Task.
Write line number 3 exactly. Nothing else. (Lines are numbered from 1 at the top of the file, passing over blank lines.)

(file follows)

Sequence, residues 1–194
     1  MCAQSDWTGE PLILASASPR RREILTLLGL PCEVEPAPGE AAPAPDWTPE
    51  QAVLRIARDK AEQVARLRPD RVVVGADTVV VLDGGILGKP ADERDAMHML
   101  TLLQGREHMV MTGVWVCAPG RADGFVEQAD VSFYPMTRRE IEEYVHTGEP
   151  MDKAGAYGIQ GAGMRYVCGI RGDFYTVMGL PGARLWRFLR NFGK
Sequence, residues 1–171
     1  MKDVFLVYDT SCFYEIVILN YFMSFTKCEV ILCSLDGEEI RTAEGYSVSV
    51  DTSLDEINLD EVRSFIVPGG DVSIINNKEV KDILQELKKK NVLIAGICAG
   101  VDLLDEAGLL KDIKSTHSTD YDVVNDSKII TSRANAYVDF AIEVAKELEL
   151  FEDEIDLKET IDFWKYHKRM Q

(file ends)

    51  QAVLRIARDK AEQVARLRPD RVVVGADTVV VLDGGILGKP ADERDAMHML